Tag Archives: animal liberation

Investigating China’s Infamous Dog Meat Trade

Pau at Chinese dog meat farm. He was rescued and brought back to the U.S. this year.
Pau at Chinese dog meat farm. He was rescued and brought back to the U.S. this year.

[On Tuesday night (Sept. 20, 2016) the Berkeley City Council passed a resolution in solidarity with Chinese activists condemning the killing of dogs for food in China, and asking China to end the dog meat trade there. I thought this would be a good time to publish my recent article about activists who went to China earlier this year and rescued three dog meat dogs. This article originally appeared at The Daily Pitchfork.]

By Michael Goldberg

There was no sink, no bed, no toilet. The walls of the Chinese jail cell, in which US animal rights activist Wayne Hsiung found himself, were painted a bright blue. The lights were never turned off.

“I thought I could be held indefinitely, particularly when they claimed we were spies from the US government,” Hsiung said during an interview.

In early May of this year, six Chinese interrogators took turns going at him for 15 hours. He couldn’t eat. He couldn’t sleep. Hsiung, co-founder of the international animal rights network Direct Action Everywhere (DxE), faced questions about why he had planted hidden cameras at a slaughterhouse in Yulin, China, now infamous for its annual Yulin Dog Meat Festival.

Meanwhile, his activist colleague, Julianne Perry, an MBA student at Dartmouth, faced her own interrogation in the same jail.

“I thought of the suffragettes jailed dozens of times, freedom riders sending dozens of students to be jailed,” Perry said. “I took comfort that I would be in good company if I was kept in jail for speaking out against social injustice.”

Hsiung, a lawyer who had taught at Northwestern School of Law, was worried about what would happen not only to Perry, but the third member of his investigatory team, Chris Van Breen, a deeply compassionate activist from San Jose whose day job is working as a plumber and who was waiting for Hsiung and Perry at their rented apartment in downtown Yulin. Just as pressing on Hsiung’s mind was the fate of the three dogs they’d rescued a week earlier from a Yulin dog meat farm.

“My main concern was the safety of the dogs,” Hsiung said.

A week earlier, on April 25, 2016, Hsiung and the other two DxE members had arrived in China to investigate the dog meat trade.

“It was partly redemption,” Hsiung said, explaining one of his reasons for the investigation. “I remember seeing dogs suffering [in China] when I was 9 years old. I wanted to save some because I couldn’t when I was a child.”

Julianne Perry at dog meat farm in China.
Julianne Perry at dog meat farm in China.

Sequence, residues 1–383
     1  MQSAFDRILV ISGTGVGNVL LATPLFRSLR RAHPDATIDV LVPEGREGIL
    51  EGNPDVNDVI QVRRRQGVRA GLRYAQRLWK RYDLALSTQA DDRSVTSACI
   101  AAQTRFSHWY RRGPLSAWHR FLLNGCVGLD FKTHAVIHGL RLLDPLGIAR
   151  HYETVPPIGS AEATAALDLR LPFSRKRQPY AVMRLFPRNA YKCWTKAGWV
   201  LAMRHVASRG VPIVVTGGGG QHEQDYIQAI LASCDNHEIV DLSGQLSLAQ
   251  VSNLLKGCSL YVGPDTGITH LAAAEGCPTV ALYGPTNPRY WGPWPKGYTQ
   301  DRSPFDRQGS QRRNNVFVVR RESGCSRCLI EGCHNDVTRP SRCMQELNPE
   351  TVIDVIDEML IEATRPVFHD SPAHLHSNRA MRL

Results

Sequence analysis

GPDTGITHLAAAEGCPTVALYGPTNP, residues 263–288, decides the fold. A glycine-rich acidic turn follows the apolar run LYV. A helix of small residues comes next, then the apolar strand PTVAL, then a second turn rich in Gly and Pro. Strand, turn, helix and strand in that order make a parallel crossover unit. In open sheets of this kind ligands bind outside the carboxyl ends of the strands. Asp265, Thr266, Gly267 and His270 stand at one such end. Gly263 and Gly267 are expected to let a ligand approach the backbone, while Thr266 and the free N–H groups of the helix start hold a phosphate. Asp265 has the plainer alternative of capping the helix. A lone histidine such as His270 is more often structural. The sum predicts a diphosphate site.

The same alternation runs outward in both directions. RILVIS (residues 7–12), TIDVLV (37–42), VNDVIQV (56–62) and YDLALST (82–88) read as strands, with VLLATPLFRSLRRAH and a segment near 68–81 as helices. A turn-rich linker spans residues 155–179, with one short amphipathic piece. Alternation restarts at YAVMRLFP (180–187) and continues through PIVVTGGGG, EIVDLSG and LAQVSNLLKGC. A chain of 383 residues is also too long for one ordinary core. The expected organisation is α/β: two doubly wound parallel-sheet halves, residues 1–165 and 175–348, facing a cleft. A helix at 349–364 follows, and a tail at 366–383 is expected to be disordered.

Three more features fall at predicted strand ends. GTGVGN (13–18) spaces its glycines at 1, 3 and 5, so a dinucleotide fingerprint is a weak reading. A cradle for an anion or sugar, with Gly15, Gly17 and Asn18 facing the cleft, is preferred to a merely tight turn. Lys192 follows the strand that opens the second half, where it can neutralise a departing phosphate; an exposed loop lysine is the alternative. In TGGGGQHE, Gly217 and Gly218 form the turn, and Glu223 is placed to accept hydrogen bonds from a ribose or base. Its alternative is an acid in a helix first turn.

The dog meat farm turned out to be a former pig farm. For Hsiung, it was ironic because DxE had recently investigated one of Hormel’s Farmer John farms and documented the horrific conditions.

The owner told Hsiung he had to switch to dogs after he was essentially driven out of the pork business by huge multi-national companies like Smithfield and Hormel. But the owner also told Hsuing that whether he raised pigs or dogs made no difference, to him they were all the same. As Hsiung later said, this was one thing they could both agree on.

While Hsuing said that farms in the US are much worse that the dog meat farm he saw; but it was still a hellhole of a place: filthy and dilapidated with piles of old wood and other garbage scattered about and a rusty gate leading inside, where Hsiung’s found seven dogs confined in cement-walled pens.

Hsiung returned to the farm with Perry and Van Breen the next day to rescue three dogs, who are brothers and who they later named Pao, Lao and Xiao. “This was death row,” Van Breen said. “Every animal there was born to be murdered.”

The three dogs were covered with fleas and ticks, their skin was red, they were losing their fur and their bellies were distended. The DxE team took the dogs to a vet where they were de-fleaed and de-ticked. With Van Breen and Perry caring for the dogs at the apartment, Hsiung began part two of the investigation at a slaughterhouse in Yulin.

Read the rest of this story at the Huffington Post.

– A Days of the Crazy-Wild blog post –

FACE-TO-FACE WITH A PIG KILLER

Paul Willis in a Berkeley, CA butcher shop. Photo by Michael Goldberg
With Perdue’s purchase of Niman Ranch, and McDonald’s move to “cage-free,” it’s time for us to ask: what does “humane” actually mean?

By Michael Goldberg

With his thinning white hair and black Polo-style short-sleeved shirt with a Niman Ranch “Raised With Care” logo over his heart, Paul Willis looks like a kindly grandfather. This soft-spoken man certainly isn’t my idea of a pig killer.

But that’s exactly what he is.

Willis, a high-profile spokesman for the “humane meat” movement, co-founded and manages the Niman Ranch Pork Company, a division of Niman Ranch.

This week it was announced that Perdue Farms, the third biggest U.S. factory farm company raising chickens, has purchased Niman Ranch.

In addition to running the Niman Ranch Pork Company, in years past Willis has also raised between 2500-to-3000 pigs a year on his Willis Free Range Pig Farm in Thornton, Iowa, two hours north of Des Moines. He still raises 100s of pigs each year on his farm.